October 6, 1988
IN RE N.H. ET AL. (THE PEOPLE OF THE STATE OF ILLINOIS,
APPELLATE COURT OF ILLINOIS, FOURTH DISTRICT
Charles Adams, Respondent-Appellant)
529 N.E.2d 1115, 175 Ill. App. 3d 343, 125 Ill. Dec. 39 1988.IL.1508
Appeal from the Circuit Court of Champaign County; the Hon. Donald R. Parkinson, Judge, presiding.
JUSTICE LUND delivered the opinion of the court. KNECHT and SPITZ, JJ., concur.
DECISION OF THE COURT DELIVERED BY THE HONORABLE JUDGE LUND
On January 28, 1988, the circuit court of Champaign County found defendant Charles Adams to be an unfit parent because of his failure to maintain a reasonable degree of interest, concern, or responsibility for the minors N.H., S.A., N.A., and T.A. On February 23, 1988, the same court reaffirmed the finding of unfitness and further found that it was to the best interest of the minors that defendant's parental rights be terminated, terminated the parental rights, and appointed the guardianship administrator of the Department of Children and Family Services guardian, with the power to consent to the adoption of the minors. Defendant appeals, contending the finding of unfitness and subsequent termination of parental rights was against the manifest weight of the evidence. We affirm.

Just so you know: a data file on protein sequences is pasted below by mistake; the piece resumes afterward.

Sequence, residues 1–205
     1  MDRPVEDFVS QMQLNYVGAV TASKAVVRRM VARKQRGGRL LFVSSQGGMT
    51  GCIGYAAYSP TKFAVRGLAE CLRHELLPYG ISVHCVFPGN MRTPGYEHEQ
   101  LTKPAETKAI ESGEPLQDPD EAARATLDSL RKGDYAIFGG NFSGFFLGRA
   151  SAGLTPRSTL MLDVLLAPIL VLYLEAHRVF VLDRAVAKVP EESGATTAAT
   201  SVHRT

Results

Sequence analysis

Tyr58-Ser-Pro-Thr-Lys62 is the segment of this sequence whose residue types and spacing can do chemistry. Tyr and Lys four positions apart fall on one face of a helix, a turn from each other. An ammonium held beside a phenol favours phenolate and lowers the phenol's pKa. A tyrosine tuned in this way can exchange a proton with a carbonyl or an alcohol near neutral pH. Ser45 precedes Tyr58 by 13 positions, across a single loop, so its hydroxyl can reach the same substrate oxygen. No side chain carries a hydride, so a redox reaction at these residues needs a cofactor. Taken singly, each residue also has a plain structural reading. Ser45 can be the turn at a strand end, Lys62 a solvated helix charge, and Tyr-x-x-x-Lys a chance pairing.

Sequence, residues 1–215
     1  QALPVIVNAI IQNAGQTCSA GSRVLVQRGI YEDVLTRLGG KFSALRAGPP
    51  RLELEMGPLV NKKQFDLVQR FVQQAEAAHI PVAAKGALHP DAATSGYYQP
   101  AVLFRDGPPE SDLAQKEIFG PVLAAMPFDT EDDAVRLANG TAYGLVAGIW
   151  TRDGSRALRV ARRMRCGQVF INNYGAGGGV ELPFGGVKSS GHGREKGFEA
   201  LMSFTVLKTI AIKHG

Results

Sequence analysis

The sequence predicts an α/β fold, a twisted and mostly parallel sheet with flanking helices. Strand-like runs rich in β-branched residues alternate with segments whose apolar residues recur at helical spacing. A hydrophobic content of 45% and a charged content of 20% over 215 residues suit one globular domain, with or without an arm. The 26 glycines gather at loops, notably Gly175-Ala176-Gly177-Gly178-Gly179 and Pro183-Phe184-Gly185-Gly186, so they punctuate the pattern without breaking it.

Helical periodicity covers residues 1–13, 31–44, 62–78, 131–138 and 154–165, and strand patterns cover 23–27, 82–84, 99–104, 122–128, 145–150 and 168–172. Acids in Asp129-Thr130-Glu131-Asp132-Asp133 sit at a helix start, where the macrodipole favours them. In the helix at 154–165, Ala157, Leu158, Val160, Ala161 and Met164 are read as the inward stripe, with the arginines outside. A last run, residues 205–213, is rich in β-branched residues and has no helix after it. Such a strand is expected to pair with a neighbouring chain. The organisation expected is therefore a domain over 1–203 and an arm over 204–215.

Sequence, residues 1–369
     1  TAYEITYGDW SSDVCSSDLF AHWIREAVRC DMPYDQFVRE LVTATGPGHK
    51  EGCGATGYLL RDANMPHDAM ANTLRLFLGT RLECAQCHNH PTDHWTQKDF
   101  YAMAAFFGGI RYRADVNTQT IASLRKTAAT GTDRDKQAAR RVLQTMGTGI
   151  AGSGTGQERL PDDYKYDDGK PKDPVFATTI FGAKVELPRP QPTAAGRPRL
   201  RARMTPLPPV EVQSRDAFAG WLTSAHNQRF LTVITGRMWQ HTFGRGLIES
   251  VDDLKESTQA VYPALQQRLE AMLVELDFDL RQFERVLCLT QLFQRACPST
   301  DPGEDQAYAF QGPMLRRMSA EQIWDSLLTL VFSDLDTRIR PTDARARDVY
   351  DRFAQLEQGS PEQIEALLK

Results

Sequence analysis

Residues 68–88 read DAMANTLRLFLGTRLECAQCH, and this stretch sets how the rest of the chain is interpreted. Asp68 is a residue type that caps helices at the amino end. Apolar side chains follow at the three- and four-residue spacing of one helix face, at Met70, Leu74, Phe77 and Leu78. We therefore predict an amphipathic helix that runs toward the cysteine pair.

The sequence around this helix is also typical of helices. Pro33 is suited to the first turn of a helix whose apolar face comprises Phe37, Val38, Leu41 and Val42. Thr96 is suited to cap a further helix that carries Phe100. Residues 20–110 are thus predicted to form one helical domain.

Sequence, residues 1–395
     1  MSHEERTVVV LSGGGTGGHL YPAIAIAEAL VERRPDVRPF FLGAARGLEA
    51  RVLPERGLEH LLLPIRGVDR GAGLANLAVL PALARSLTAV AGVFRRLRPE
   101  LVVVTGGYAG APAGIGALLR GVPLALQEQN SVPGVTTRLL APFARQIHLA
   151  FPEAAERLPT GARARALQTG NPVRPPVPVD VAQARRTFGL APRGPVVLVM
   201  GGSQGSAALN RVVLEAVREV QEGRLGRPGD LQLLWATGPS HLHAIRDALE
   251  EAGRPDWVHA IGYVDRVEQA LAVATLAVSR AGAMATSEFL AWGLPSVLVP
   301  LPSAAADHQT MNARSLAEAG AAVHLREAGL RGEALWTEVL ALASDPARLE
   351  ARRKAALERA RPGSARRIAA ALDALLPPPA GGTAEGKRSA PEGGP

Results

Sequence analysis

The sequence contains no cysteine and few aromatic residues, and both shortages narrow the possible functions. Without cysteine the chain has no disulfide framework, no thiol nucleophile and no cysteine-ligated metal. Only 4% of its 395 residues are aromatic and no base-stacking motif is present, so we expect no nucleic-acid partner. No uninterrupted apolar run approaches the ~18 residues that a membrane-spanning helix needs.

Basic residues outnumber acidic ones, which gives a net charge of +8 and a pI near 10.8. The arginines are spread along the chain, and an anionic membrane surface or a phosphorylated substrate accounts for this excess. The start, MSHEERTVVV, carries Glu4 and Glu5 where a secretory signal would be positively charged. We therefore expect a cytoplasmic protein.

Defendant and Eva Harris are the natural parents of N.H., a male child born July 9, 1976; S.A., a female child born September 11, 1979; N.A., a female child born July 18, 1982; and T.A., a female child born September 28, 1984. An order for temporary custody was entered on August 13, 1985, placing the four children under the control of the guardian administrator of DCFS. At the time of the temporary order, the children were living in Champaign County with their mother, the father being located somewhere in Chicago. A neglect finding was entered on August 27, 1985. Review hearings were held on October 3, 1985, December 17, 1985, April 29, 1986, June 26, 1986, November 24, 1986, and August 18, 1987. The defendant did not appear at the hearings until August 1987. He did not have contact with the children from at least August 1985 until the August 18, 1987, hearing. According to his testimony, he returned to Champaign County approximately 7 1/2 months prior to August 18, 1987, together with his "fiancee" and her young child. He made contact with DCFS shortly before the August 18 hearing and requested visitation.